"How do you decide which stocks to buy?" This is probably the most frequently asked question among those just getting started in the world of investing. Or heck, among investors at any level. We're always interested in what works for other people.
There's nothing wrong with that question, but those just getting interested in small-cap stocks should realize that what works for one person may not work for another. Yes, just as there's more than one way to size a fish, to skim a batch of pond scum, to give back to Meredith, or to skin a cat... there's also more than one way to evaluate small-cap stocks.
Consider your abilities
If you're new to the game, there's little chance that you'll be able to conduct an effective discounted cash flow analysis of a particular company. If you're a slow learner like me, there's little chance of running an effective DCF even after several years. Does this mean we shouldn't invest at all? No! (If I answered "yes," I'd have to end the column here.)
Some will take to such methods easily, while others will never be able to achieve good results with them. Similarly, some folks do very well by constructing elaborate mathematical formulas, weighting each factor separately and coming up with buy and sell criteria. Others are better at learning business models inside and out, and gauging a company's potential for success or failure based on that. Some are adept at picking out bottom-scraping turnaround companies, while others know a 500-pound gorilla when they see one.
The point is to figure out your strengths, and play to them. Despite the tendency to think there is one correct way to do everything, the world simply does not fit into neat little boxes. There isn't a "holy grail" of investing methodology; if there were, everyone would do it and then it wouldn't work anymore.
Knowing your temperament and personality can help you get a handle on your strengths. The Keirsey Character and Temperament website is a fascinating place to begin studying yourself. Similar to the well-known Myers-Briggs Personality Type Indicator, Keirsey has a couple of tests you can take online after free registration.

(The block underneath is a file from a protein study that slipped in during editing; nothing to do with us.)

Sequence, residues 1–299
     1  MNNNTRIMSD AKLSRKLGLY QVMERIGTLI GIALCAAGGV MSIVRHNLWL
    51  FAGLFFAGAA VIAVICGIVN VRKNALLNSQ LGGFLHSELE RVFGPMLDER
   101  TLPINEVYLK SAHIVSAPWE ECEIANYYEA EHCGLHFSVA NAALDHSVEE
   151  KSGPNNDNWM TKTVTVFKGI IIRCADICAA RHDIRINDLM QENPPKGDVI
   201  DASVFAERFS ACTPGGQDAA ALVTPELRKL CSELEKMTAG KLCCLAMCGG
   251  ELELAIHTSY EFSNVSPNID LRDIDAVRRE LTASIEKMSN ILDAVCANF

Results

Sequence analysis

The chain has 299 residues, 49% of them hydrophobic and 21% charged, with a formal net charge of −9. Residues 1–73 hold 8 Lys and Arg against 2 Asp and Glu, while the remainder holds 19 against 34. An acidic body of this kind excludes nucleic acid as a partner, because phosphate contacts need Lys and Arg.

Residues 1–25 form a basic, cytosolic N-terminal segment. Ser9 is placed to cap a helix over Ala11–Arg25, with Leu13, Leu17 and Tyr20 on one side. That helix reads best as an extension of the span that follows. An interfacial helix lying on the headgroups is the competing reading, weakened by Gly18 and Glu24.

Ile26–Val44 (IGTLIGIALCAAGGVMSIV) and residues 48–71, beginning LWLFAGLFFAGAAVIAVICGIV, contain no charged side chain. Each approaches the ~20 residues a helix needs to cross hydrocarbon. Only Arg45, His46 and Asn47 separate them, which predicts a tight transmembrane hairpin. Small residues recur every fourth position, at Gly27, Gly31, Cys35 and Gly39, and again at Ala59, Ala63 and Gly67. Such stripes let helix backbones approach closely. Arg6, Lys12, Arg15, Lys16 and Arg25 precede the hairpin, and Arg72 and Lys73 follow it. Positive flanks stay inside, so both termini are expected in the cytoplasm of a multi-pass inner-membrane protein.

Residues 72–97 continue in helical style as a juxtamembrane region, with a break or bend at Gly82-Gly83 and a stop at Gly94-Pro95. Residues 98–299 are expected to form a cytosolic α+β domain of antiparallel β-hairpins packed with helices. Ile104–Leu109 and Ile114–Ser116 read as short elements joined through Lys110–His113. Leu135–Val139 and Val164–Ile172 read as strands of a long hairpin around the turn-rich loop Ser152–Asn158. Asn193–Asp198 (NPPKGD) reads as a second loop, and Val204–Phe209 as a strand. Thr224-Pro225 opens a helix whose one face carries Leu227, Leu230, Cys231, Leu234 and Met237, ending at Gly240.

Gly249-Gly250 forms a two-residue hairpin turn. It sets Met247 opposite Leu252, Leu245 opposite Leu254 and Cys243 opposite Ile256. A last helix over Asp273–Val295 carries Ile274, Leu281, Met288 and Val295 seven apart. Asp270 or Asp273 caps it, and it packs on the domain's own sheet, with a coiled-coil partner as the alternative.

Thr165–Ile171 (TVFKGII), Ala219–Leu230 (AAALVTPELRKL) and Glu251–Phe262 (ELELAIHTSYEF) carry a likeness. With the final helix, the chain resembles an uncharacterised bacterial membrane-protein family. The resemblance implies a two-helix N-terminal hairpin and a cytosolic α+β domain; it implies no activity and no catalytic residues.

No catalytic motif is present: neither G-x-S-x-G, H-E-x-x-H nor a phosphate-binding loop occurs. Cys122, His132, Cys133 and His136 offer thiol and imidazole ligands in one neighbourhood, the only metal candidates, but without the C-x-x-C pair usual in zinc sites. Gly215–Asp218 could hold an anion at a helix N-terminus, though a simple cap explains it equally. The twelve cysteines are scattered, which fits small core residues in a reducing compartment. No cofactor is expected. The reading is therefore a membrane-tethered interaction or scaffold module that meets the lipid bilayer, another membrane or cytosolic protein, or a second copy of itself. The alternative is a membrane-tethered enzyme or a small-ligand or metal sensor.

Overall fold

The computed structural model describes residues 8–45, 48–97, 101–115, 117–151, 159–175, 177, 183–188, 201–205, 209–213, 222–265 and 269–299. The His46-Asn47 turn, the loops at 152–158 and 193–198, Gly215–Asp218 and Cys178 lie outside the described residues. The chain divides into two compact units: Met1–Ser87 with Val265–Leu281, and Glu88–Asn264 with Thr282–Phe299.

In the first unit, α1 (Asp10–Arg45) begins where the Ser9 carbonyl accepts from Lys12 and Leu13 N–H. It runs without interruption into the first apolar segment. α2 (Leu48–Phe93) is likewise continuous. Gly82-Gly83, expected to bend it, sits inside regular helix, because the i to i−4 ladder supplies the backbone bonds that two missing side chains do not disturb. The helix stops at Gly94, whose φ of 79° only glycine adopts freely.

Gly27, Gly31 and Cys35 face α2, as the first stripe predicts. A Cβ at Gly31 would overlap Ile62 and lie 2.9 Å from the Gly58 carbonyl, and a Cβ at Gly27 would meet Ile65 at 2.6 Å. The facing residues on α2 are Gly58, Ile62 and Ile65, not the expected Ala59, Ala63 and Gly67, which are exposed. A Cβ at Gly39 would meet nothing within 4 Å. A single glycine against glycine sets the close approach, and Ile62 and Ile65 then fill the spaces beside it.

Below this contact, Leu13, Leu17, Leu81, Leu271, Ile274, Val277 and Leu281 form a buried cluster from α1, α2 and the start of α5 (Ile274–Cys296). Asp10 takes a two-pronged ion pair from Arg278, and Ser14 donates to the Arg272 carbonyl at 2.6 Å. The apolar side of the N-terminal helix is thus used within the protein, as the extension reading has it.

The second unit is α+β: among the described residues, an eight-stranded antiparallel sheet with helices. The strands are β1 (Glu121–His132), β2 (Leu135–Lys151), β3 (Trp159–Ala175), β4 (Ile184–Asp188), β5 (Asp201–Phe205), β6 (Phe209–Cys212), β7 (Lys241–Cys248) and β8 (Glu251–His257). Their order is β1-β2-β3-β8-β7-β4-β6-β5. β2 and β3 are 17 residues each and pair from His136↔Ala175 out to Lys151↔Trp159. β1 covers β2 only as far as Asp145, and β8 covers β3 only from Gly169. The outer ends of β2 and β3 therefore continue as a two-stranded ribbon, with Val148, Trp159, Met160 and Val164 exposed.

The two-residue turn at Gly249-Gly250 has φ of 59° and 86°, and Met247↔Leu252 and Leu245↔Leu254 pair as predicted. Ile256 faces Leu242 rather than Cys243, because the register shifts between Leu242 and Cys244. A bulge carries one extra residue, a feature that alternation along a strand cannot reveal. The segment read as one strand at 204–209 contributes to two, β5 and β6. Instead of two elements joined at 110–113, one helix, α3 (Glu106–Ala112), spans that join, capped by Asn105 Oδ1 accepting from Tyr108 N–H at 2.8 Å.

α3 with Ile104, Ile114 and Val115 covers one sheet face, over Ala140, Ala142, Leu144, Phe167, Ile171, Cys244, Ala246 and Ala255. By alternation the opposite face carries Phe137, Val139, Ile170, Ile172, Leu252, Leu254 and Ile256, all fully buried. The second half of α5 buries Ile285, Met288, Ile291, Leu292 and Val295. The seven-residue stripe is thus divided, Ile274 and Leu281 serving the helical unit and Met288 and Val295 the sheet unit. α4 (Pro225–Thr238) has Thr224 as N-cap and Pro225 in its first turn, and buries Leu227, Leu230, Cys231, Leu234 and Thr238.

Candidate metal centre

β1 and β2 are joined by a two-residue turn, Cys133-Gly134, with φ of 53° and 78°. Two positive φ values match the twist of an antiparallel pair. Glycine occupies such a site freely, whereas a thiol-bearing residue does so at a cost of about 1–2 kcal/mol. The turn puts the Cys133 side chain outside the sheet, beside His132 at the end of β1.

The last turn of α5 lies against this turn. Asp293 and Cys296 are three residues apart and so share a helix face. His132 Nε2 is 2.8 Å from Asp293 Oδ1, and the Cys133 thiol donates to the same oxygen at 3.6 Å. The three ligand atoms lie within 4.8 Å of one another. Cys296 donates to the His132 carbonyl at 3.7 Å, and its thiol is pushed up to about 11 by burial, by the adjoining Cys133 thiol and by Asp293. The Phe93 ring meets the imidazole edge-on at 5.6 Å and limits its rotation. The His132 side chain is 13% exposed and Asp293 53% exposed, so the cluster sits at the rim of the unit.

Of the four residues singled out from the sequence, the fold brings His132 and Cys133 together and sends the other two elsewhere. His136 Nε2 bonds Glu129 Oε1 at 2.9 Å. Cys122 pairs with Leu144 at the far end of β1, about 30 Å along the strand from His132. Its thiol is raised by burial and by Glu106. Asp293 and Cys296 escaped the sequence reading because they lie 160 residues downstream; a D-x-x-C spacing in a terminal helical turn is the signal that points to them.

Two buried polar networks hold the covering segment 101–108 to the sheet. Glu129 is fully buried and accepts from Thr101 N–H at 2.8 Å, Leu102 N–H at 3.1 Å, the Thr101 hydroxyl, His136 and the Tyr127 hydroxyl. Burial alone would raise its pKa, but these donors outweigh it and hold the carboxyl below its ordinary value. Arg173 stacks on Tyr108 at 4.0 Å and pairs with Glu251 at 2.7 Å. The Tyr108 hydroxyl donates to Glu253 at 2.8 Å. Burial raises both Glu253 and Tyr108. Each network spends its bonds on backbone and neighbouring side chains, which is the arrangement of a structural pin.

I found that I was an "ENFP," and it was comforting to know that there are others out there who are hopelessly disorganized, learn from intuition, and prefer to live their lives spontaneously. (There's a good summary of the different character types here.)
I certainly don't think every person can be characterized by four simple letters, but Keirsey's tests can tell you a lot about yourself, even things you may have been vaguely aware of but never crystallized in your mind. And, if you're similar to me, you'll need to force yourself to write down your investing framework instead of just letting it float around inside your head.
Zeke Ashton wrote an excellent column several months ago detailing the four variables under your control when buying a stock:
1. Which companies to buy
2. What price to pay
3. How large a position to take, and
4. Buy, hold, or sell at the current price
Regardless of which small-cap investing framework you employ, it should address these four issues. Zeke also adds a very important point that can improve your methodology: "Accordingly, I encourage you to do a postmortem analysis of some of your recent investment decisions." In other words, learn from your mistakes and your successes.
Small-cap investors have a wonderful resource located here at Fool.com in the form of the Foolish 8 discussion board. There, you'll find ongoing discussion about promising small-cap companies as well as different investing philosophies. You'll want to start with the board's FAQ, compiled by board veteran mathetes. The FAQ will explain what the Foolish 8 is, and what it is not. It also has a section devoted to the topic of this column.
You can learn about investing the "Ed May way," for example. Community member edmay developed a six-step method that will take you through screening, research, financial sheet analysis, buying, and selling.
Erik Eason, known as FoolishErik on the boards, has contributed in this space before, and has conducted extensive research on small-cap investing. He also refined a small-cap method first introduced by Tom Gardner and came up with a way of grading stocks. He later introduced a new method that emphasizes operating profit and invested capital called OPIC.
This is just a small sampling of the different ways to go about the small-cap investing process. Feel free to look through the boards for more help. In addition, the four columns in the "Related Links" box in the upper-right part of this page will help you immensely as you begin to develop your own framework.
My final piece of advice is to make sure you are intimately familiar with any company you are considering for investment. Know how the company makes money, how it plans on growing, and what factors might disrupt its plans. Know the company's entire industry, including which competitors are most likely to throw it off course.
Remember: You can never be too rich, too thin, or too knowledgeable about your investments.
Rex Moore is so disorganized he once missed a final exam in college, and his to-do list is nothing more than a wish list. He does know which stocks he currently owns, and is able to follow the Fool's disclosure policy.